Sirach 17:19-27; Mark 10:17-27
Today we have the story of a rich man, that is, a man who believed he was rich or who believed that in his material wealth was his happiness. He was a well-meaning man. “Good Teacher, what must I do to share in everlasting life?” “You know the commandments,” says Jesus and then proceeds to list only those commandments which involve our relations with others, omitting those relating directly to God:
not killing; not committing adultery; not stealing; not bearing false witness; not defrauding; respecting parents.
“I have kept all these things since I was young,” says the man. He was indeed a good man insofar as he did respect his parents and he did not do any of the sinful things mentioned.
Jesus looked at the man with a real love. This is not a love of affection or attraction. It is the love of agape (’agaph), a love which desires the best possible thing for the other. This man was good but Jesus wanted him to be even better. So he said to him: “But there is one more thing: go and sell all you have and give to the poor. After that come and follow me.”
On hearing this, the man's face clouded over. He walked slowly away full of sadness because he was very rich. Jesus had asked him for the one thing he could not give up.
Had asked for the one thing which showed he was blessed by God. He had not expected this.
After he had gone Jesus looked at his disciples and said: “"How hard it is for the rich to enter the kingdom of God!” Now it was his disciples’ turn to be alarmed and shocked.
Their whole tradition believed that wealth was a clear sign of God’s blessings; poverty was a curse from God.
Jesus removes any misunderstanding on their part: “It is easier for a camel to pass through the eye of a needle than for a rich person to enter the Kingdom of God.” In other words, quite impossible. This was really too much for them. “In that case," they asked each other, “who can be saved?” If those who have done well in this life cannot be saved what hope can there be for the losers? It would take them time to learn the truth of Jesus’ words. And it is a lesson that many of us Christians still have to learn.
Why is it so difficult for a rich person to enter the Kingdom of God? The answer depends on what meaning we give to ‘rich’ and to ‘Kingdom of God’.
A person at a lower middle class level in Europe or the United States may be extremely wealthy with the same resources if living in some African or Asian countries. Similarly a ‘rich’ peasant in a remote village may live a life that is primitive compared to a family on welfare in Europe.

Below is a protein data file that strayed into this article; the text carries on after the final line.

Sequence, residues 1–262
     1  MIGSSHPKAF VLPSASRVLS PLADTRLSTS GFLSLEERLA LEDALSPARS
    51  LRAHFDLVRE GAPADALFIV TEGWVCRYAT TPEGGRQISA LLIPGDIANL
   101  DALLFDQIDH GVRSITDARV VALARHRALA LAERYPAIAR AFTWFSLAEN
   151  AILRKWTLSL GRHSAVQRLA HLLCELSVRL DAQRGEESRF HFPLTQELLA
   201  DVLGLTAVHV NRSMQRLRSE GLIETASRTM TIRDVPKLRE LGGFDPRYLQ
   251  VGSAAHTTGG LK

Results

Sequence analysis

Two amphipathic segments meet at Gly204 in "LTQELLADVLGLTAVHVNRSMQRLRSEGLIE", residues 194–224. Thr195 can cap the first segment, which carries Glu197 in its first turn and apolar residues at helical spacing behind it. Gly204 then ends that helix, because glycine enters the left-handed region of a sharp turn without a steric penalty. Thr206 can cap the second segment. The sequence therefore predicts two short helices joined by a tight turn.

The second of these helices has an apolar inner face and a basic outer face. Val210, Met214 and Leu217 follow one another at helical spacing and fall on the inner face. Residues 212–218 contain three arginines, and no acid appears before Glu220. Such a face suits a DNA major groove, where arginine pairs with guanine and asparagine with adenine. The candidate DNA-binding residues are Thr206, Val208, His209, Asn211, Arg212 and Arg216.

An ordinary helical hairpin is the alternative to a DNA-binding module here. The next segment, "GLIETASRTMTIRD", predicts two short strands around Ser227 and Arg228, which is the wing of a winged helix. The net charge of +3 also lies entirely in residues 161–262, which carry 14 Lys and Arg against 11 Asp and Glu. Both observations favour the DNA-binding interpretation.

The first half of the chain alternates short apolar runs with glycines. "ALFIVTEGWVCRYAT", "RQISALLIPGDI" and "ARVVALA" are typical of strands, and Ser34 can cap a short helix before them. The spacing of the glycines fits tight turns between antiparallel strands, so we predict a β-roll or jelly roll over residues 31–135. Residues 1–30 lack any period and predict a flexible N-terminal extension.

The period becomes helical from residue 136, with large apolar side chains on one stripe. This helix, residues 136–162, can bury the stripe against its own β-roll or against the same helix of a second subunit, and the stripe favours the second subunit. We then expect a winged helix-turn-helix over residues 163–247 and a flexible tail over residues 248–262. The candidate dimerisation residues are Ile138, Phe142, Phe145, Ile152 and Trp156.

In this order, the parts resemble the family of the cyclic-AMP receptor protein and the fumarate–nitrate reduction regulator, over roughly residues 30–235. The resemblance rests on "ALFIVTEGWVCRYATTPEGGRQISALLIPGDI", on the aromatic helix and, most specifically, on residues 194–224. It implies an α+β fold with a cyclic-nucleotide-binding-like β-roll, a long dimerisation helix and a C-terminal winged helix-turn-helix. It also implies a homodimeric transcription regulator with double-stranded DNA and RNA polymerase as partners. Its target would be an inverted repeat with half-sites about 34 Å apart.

When Jesus uses the word ‘rich’ he means a person who has more, a lot more, than those around him while many of those around him do not have enough for their basic needs. For a person to cling to their material goods in such a situation, to enjoy a relatively luxurious standard of living while those around are deficient in food and housing is in contradiction to everything that Jesus and the Kingdom stand for.
The Kingdom of God here is not referring to a future life in ‘heaven’. Jesus is not saying that a rich person cannot go to heaven. He is concerned with how the rich person is living now. The Kingdom is a situation, a set of relationships where truth and integrity, love and compassion and justice and the sharing of goods prevail.
The man in the story said that he kept the commandments. One should notice that, except for one, all are expressed negatively. The man could observe several of them by doing nothing! Jesus was asking him to do something very positive, namely, to share his prosperity with his brothers and sisters in need. That he was not prepared to do. As such, he was not ready for the kingdom. He could not be a follower of Jesus. Nor can anyone else who is in a similar situation.
We might also add that the teaching applies not only to individuals but to communities and even nations. There are countries in the world today enjoying very high levels of prosperity with all kinds of consumer luxuries available while a very large proportion of the rest of the world lives mired in poverty, hunger, disease. It is one of the major scandals of our day. This is not a Kingdom situation and much of it is caused not by an uncaring God, or natural causes but by human beings who just refuse to share their surplus wealth. As someone has said, the really rich are those whose needs are the least.
A final reflection. We may feel that, in our society, we personally could by no stretch of the imagination be called rich and so the story does not apply to us. But we can cling to other things besides money. I might profitably ask myself today if there is anything at all in my life which I would find it very difficult to give up if God asked it of me. It might be a relationship, it might be a job or position, it might be good health.
To be a disciple Jesus means that he is asking me to follow him unconditionally, without any strings, ready to let go of anything and everything (although he may not actually ask me to do so). It is the readiness that counts. The man in the story did not even seem to have that.
Can a Catholic be a millionaire? What do you think? What do you think Jesus’ answer would be?